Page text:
One boy at school lived in an abandoned air conditioning unit. Another in a tree house. Some of the boys were jealous of him, tree houses being cool, until he slipped from a high branch taking a shit and now had an iron lung. He pushed this around the school on a trolley and was often late for lessons. He was falling further and further behind in his studies. And he struggled some days to climb up to his treehouse. He had once admitted to Corey, just for an easy life, he had taken to sleeping in a drainage ditch.
“At least I’ve got a roof over my head,” thought Corey. “At least my parents have got jobs.”
And this, this is what I’m telling you, is the story.
One morning three boys dressed in tights and mini skirts from the lefty Art College out on a transsexual awareness day had stolen Corey’s mother’s advertising board. At least two of the boys had never wanted to go to the Art College anyway and the third only wanted to surf. He worked seven nights a week at Acme Chips and Fish saving money for a trip to Big Sur.
It was his idea to use the advertising board as a body board.
By the time Corey’s mother saw them they had stripped to their pants and then they were at the far end of the beach.
Then they were in the sea.
“I wasn’t going to go in the friggin’ sea after them,” she said to Corey’s father later that evening.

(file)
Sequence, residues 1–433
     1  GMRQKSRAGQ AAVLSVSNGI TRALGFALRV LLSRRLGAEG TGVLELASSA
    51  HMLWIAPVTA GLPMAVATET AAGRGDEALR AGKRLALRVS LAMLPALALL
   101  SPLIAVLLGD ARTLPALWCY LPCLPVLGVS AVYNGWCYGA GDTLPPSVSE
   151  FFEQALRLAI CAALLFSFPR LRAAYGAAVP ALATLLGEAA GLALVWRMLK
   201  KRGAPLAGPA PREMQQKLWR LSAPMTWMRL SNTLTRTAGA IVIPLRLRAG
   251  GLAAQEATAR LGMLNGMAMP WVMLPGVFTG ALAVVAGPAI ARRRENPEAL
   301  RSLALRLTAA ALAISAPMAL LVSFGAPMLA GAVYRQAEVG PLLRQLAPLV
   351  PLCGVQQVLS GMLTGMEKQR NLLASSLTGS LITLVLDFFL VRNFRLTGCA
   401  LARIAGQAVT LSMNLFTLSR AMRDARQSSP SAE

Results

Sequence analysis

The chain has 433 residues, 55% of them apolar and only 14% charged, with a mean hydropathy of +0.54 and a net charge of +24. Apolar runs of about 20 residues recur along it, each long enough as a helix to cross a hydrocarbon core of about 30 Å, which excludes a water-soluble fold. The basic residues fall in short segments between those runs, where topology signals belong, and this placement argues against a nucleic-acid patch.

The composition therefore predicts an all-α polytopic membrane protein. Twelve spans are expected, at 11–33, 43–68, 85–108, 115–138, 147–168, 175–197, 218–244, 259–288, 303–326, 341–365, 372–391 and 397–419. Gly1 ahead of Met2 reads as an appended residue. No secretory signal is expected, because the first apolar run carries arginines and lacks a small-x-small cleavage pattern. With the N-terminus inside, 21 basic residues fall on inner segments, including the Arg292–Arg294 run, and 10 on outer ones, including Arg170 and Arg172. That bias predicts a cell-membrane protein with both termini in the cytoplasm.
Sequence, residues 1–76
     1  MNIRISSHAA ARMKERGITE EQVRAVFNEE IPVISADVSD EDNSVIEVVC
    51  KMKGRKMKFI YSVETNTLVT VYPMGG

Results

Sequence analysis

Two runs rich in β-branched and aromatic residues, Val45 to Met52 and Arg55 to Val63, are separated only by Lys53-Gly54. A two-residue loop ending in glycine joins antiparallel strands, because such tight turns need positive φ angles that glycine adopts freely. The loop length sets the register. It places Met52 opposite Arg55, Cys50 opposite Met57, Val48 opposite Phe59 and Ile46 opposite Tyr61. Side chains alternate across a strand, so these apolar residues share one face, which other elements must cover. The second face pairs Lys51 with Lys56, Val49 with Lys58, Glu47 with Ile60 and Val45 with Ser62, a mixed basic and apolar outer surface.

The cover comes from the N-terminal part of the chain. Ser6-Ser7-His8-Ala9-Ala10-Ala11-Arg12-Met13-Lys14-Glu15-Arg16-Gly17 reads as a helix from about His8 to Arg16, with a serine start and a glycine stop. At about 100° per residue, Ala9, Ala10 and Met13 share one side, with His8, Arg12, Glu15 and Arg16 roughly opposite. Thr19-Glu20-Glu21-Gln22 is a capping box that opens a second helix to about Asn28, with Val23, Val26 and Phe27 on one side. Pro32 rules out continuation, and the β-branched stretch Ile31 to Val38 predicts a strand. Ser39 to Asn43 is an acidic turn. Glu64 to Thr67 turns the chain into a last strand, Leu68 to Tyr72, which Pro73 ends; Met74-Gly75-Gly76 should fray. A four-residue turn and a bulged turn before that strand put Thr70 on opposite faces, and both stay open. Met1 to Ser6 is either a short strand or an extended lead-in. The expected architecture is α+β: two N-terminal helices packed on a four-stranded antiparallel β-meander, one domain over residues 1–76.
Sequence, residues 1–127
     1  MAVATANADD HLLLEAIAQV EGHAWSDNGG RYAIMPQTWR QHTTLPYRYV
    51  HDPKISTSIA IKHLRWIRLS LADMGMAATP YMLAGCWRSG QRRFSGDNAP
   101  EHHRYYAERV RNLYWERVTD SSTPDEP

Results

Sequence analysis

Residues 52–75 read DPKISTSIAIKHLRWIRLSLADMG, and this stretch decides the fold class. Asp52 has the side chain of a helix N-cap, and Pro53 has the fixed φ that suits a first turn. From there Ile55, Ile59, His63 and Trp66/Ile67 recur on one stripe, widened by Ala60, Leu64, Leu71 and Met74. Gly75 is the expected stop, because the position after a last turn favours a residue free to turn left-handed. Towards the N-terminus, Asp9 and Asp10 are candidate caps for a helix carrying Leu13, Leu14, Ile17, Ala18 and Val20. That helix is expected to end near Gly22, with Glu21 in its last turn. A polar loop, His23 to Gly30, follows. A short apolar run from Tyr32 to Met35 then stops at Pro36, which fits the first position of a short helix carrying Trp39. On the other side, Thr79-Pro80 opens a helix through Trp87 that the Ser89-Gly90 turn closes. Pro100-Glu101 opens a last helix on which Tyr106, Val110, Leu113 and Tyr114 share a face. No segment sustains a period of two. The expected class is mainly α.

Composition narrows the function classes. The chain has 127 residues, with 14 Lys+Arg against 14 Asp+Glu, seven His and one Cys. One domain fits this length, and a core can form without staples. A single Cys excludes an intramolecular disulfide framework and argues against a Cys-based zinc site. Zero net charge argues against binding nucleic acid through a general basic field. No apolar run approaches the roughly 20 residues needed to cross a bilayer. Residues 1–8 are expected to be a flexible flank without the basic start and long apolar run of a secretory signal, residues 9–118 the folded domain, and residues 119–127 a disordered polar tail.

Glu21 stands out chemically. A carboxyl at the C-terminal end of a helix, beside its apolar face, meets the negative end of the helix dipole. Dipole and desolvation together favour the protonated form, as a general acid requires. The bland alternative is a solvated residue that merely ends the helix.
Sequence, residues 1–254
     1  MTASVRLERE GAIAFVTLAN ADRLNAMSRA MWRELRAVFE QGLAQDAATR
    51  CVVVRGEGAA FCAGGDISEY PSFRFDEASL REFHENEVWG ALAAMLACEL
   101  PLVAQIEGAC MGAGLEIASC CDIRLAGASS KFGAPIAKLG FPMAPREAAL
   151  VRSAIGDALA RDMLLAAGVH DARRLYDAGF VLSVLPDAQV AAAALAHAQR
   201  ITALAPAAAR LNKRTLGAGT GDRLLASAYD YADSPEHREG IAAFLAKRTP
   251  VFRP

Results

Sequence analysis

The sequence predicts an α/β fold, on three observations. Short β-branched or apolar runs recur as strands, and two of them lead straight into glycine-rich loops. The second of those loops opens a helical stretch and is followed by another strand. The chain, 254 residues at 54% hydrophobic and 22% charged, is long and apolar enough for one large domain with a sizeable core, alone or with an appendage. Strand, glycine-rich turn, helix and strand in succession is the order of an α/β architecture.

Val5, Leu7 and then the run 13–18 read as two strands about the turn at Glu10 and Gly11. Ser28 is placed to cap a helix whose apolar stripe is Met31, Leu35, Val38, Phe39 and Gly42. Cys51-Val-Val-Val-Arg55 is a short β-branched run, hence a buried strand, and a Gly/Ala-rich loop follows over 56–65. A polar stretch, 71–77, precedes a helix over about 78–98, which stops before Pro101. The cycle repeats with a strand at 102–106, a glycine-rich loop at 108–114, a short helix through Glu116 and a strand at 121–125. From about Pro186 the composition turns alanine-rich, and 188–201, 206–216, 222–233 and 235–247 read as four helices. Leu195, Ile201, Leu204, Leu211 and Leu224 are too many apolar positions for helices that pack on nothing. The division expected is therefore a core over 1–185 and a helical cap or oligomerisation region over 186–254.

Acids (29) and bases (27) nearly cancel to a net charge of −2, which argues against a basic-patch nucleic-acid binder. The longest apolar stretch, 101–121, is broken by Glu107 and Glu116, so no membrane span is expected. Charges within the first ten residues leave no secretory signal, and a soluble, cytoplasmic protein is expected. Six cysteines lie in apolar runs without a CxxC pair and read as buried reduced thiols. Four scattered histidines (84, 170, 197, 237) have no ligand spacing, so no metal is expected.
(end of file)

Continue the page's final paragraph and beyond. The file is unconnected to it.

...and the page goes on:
This was during a blazing row. Pots had been tossed to the floor. Corey’s dad had beaten himself with his mum’s wooden spoon. Then he had taken a series of bills in red envelopes and pasted them to the window.
“My fake ermine robe would have soaked up the water like a friggin sponge. And I know we can’t afford another one [advertising board]. At least I’ve still got my tent.”
The next day was the day of the huge storm.
As Corey’s mother stood outside the tent, her crystal ball held aloft, trying to the job of her advertising board, a strong gust of wind got in the tent and lifted it like a balloon.
Even the Climate Change Deniers couldn’t help. They’d been out petitioning on the sea front that day.
A couple of them had grabbed onto the bottom of the tent had been swept off too.
“Deny that,” said Corey’s dad later but his face was grim.
He knew what no tent meant.
“At least you’ve still got your job,” said Corey’s mum.